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Experimental Brain Research

, Volume 183, Issue 4, pp 511–521 | Cite as

Uncontrolled manifold analysis of segmental angle variability during walking: preadolescents with and without Down syndrome

  • David P. BlackEmail author
  • Beth A. Smith
  • Jianhua Wu
  • Beverly D. Ulrich
Research Article

Abstract

The uncontrolled manifold (UCM) approach allows us to address issues concerning the nature of variability. In this study we applied the UCM analysis to gait and to a population known for exhibiting high levels of performance variability, Down syndrome (DS). We wanted to determine if preadolescents (ages between 8 and 10) with DS partition goal-equivalent variability (UCM) and non-goal equivalent variability differently than peers with typical development (TD) and whether treadmill practice would result in utilizing greater amounts of functional, task-specific variability to accomplish the task goal. We also wanted to determine how variance is structured with respect to two important performance variables: center of mass (COM) and head trajectory at one specific event (i.e., heel contact) for both groups during gait. Preadolescents with and without DS walked on a treadmill below, at, and above their preferred overground speed. We tested both groups before and after four visits of treadmill practice. We found that children with DS partition more UCM variance than children with TD across all speeds and both pre and post practice. The results also suggest that more segmental configuration variance was structured such that less motion of COM than head position was exhibited at heel contact. Overall, we believe children with DS are employing a different control strategy to compensate for their inherent limitations by exploiting that variability that corresponds to successfully performing the task.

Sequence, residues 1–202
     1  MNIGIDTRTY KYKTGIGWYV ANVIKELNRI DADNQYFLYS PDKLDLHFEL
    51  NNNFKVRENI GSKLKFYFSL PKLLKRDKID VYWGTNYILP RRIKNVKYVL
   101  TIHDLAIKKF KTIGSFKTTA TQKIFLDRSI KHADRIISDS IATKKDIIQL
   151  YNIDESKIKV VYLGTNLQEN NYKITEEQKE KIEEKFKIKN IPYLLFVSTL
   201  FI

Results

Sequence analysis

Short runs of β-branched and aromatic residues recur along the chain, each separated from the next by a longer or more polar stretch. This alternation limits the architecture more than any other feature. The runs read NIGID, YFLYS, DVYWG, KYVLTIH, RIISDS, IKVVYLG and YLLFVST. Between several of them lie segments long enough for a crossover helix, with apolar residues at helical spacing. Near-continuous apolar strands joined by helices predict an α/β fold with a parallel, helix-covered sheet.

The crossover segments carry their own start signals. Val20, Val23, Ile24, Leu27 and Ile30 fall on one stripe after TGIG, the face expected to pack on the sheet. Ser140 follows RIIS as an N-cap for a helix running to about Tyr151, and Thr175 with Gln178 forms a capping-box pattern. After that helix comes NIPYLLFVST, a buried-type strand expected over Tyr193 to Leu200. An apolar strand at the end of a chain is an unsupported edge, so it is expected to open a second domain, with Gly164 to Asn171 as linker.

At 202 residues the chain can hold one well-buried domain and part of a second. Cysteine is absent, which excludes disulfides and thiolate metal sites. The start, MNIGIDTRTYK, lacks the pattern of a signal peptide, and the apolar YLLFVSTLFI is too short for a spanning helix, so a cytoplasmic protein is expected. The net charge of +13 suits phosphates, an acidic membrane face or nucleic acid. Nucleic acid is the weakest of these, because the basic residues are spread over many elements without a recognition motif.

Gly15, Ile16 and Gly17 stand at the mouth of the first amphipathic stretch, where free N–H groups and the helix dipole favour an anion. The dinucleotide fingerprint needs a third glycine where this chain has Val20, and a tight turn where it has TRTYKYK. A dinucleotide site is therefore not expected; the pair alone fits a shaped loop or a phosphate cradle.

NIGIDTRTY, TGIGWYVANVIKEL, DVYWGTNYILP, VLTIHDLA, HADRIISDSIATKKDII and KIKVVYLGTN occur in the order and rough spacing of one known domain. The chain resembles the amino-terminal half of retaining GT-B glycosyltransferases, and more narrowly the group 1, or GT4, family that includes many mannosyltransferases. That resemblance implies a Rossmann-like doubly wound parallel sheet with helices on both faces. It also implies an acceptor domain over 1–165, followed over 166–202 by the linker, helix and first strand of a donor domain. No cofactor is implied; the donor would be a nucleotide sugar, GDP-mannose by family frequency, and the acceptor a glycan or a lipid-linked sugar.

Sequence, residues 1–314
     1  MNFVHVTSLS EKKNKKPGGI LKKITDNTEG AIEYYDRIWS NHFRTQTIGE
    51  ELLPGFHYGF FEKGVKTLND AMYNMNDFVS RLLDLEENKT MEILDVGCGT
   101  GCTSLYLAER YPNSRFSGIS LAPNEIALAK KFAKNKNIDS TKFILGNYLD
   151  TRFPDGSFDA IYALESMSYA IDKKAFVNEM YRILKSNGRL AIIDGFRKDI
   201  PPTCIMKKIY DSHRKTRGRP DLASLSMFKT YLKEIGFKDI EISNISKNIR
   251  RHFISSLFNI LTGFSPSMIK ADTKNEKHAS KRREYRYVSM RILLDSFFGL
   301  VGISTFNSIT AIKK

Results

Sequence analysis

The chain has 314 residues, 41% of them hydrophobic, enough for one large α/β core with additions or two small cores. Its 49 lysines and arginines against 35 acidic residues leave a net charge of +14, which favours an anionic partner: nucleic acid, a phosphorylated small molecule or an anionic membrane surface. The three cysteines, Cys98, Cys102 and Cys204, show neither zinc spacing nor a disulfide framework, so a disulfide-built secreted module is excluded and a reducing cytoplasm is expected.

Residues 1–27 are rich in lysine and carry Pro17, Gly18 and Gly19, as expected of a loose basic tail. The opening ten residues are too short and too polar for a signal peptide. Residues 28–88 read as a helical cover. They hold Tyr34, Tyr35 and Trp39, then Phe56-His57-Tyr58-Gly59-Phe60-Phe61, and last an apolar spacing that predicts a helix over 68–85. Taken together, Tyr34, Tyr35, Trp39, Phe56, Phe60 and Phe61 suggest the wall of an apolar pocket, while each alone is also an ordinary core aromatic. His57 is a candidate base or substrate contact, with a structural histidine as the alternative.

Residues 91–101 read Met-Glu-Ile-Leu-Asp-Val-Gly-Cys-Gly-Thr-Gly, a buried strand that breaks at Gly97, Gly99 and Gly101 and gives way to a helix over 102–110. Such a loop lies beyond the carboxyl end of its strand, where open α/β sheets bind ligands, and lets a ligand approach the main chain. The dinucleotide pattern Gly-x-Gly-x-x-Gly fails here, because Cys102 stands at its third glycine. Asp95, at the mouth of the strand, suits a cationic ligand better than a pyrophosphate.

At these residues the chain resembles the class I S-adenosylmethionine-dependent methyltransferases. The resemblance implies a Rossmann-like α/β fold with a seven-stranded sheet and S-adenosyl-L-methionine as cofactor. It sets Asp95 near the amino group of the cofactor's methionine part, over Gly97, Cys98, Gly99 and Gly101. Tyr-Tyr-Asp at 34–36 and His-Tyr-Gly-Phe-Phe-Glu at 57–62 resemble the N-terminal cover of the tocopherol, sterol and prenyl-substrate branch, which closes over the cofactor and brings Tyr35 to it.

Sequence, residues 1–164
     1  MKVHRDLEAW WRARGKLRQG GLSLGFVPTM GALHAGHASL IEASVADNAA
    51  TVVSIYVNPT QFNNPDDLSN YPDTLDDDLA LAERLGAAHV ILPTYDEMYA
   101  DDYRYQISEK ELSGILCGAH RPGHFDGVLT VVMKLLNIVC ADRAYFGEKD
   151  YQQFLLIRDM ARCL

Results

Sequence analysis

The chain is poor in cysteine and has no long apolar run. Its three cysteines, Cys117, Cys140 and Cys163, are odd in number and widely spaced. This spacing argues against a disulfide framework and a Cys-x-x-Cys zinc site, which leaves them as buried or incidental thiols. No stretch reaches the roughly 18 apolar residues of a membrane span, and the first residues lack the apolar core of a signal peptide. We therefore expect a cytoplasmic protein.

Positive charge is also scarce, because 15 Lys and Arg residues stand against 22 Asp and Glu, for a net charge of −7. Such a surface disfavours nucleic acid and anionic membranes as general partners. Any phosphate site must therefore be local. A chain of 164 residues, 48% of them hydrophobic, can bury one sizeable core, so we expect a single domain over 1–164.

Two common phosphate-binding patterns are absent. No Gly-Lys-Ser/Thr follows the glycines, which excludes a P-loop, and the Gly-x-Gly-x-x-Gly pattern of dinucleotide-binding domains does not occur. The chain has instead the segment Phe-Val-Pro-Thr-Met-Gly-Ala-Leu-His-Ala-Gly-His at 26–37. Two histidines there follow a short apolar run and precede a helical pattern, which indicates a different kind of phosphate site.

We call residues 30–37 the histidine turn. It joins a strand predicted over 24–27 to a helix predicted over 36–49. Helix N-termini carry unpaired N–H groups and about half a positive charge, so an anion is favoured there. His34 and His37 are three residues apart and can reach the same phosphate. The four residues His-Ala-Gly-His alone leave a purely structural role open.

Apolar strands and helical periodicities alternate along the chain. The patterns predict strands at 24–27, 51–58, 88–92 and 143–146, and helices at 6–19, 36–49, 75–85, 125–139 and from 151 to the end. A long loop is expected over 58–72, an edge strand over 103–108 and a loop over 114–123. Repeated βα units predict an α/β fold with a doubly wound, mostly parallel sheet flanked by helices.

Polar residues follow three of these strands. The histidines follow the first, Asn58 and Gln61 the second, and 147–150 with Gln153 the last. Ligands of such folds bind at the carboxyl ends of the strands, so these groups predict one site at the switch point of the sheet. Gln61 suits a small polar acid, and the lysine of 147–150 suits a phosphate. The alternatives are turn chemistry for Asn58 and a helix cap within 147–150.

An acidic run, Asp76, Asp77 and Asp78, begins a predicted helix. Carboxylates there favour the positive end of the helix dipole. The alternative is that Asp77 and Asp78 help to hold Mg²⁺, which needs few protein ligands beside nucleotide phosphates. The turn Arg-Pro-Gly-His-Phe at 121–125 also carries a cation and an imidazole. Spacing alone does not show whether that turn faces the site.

Keywords

Uncontrolled manifold Down syndrome Walking 

Notes

Acknowledgments

We thank Masayoshi Kubo for programming assistance. We also wish to thank the children and families that participated in this study, particularly from the Michigan and northern Ohio parent-support groups. This research was supported by the National Institutes of Health (NIH) via a grant awarded to Beverly Ulrich (R01-HD42728–01).

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Copyright information

© Springer-Verlag 2007

Authors and Affiliations

  • David P. Black
    • 1
    Email author
  • Beth A. Smith
    • 1
  • Jianhua Wu
    • 1
  • Beverly D. Ulrich
    • 1
  1. 1.Division of KinesiologyUniversity of MichiganAnn ArborUSA

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